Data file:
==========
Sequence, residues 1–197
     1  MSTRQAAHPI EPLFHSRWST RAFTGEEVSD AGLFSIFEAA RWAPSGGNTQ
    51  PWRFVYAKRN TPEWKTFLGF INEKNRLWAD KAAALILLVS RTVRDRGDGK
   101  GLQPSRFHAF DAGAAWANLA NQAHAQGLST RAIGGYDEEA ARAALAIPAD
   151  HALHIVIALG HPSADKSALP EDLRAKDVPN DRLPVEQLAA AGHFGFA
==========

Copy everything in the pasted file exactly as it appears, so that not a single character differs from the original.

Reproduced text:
Sequence, residues 1–197
     1  MSTRQAAHPI EPLFHSRWST RAFTGEEVSD AGLFSIFEAA RWAPSGGNTQ
    51  PWRFVYAKRN TPEWKTFLGF INEKNRLWAD KAAALILLVS RTVRDRGDGK
   101  GLQPSRFHAF DAGAAWANLA NQAHAQGLST RAIGGYDEEA ARAALAIPAD
   151  HALHIVIALG HPSADKSALP EDLRAKDVPN DRLPVEQLAA AGHFGFA